Deputy Prime Minister Winston Peters says the recording released by expelled National MP Jami-Lee Ross shows the National Party has a “cash for candidates policy”.
However, he says the Coalition Government “isn’t in the throes of external influence”.
The recording Ross secretly made of a phone conversation he had with National Leader Simon Bridges in June reveals the pair discussing a $100,000 donation by Chinese businessman, Yikun Zhang, to National’s Botany electorate account.
About two thirds of the way through, the conversation goes like this:
Ross: Now there’s no catch or anything to it. You may recall at the dinner they did discuss candidacy, and another Chinese candidate.
Bridges: Two MPs, yeah.
Ross: Colin Zheng, the younger one, he’s put his name in for candidates college and so I assume he’ll get through candidates college and we’ll just make some decisions as a party further down the track as to what we want to do with candidates.
Bridges: I mean, it’s like all these things, it’s bloody hard, you’ve only got so much space. Depends where we’re polling, you know? All that sort of thing. Two Chinese would be nice, but would it be one Chinese or one Filipino, or one – what do we do?
Ross: Two Chinese would be more valuable than two Indians, I have to say.
Bridges: Which is what we’ve got at the moment, right? Your problem there is you end up in a shit fight...
Asked whether the Government would respond to allegations of “Chinese influence” shown through the recording, Peters says: “We’re not responsible for this. The reality is it’s all inside the National Party and it’s clear as daylight.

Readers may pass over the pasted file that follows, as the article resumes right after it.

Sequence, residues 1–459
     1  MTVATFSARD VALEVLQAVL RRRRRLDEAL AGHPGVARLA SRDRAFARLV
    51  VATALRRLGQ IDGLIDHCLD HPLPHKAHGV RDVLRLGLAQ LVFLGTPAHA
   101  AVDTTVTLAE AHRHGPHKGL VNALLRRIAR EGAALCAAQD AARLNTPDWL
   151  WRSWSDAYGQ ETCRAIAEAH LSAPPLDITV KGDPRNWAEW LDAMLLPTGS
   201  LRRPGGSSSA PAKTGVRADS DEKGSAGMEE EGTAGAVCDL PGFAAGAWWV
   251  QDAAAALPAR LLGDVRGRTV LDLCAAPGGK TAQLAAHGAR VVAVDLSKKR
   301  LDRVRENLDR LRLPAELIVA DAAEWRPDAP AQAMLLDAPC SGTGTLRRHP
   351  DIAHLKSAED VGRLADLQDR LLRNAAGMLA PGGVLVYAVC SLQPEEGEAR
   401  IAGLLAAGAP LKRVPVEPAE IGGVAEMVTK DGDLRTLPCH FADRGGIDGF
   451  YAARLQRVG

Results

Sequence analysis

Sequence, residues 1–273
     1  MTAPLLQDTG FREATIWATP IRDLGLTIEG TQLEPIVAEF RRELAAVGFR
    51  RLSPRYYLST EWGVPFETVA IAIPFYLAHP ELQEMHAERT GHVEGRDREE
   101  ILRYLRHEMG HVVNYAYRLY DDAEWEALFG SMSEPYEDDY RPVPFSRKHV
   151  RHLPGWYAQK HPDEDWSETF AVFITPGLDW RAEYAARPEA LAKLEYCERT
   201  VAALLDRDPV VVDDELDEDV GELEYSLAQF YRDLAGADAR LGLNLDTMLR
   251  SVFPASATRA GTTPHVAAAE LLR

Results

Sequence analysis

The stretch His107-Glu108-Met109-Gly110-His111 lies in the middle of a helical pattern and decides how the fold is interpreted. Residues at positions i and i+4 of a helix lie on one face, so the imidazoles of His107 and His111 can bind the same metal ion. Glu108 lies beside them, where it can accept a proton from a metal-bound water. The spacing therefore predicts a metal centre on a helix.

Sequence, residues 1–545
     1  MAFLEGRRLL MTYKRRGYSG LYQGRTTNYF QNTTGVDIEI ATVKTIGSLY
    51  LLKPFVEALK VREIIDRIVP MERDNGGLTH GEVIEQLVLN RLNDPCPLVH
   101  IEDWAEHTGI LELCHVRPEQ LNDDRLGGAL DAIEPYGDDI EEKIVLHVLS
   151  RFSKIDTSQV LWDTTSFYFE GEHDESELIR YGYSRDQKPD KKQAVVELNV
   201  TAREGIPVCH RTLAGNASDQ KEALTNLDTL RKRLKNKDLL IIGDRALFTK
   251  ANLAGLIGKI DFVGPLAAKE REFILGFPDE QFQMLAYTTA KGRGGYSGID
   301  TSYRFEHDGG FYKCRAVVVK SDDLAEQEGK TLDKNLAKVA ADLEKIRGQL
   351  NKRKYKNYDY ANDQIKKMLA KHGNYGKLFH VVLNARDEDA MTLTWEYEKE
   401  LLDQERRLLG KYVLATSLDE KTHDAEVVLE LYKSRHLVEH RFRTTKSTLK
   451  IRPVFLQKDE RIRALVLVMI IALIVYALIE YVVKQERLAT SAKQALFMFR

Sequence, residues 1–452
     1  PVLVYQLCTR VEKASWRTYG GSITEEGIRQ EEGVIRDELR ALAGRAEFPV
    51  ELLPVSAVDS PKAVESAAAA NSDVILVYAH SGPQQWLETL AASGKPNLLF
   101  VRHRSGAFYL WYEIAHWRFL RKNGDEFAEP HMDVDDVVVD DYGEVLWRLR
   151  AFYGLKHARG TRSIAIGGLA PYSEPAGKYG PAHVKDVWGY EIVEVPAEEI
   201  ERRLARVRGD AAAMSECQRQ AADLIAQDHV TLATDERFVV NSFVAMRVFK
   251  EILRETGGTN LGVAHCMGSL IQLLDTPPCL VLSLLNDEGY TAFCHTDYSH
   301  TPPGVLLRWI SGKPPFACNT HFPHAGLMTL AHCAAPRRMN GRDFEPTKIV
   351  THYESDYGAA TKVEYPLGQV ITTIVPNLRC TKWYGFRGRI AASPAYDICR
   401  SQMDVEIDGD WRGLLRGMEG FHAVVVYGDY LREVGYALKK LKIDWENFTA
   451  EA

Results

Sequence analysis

“We saw that very open discussion. It was seriously racist in its judgement, anti-Indian in its content, but it clearly disclosed that they were contemplating a second candidate.”
Peters goes on to say: “This new government has demonstrated it is not in the throes of external influence in any way, shape or form. We made it very clear. But that’s this government. That’s not the former government.
“Pansy Wong, Jenny Shipley, Judith Collins – I mean, how many more examples do you need.”
Peters also says he doesn’t believe taxpayers should fund political parties “to the degree the Green Party says”.
The Green Party wants “stricter rules on anonymity and increased public funding”.
Its Co-leader Marama Davidson says: “The fact of the matter is, as long as political parties are accepting donations from powerful vested interests, there is a constant risk of corruption.”
Interest.co.nz’s David Hargreaves made a similar case in this opinion piece.
However Peters says: “The reality is, if you’ve got a consumer demand politically, people out there will back you… If you look at the annual returns for political parties, you’ll see those that are those not getting money and those that are getting a lot of money.”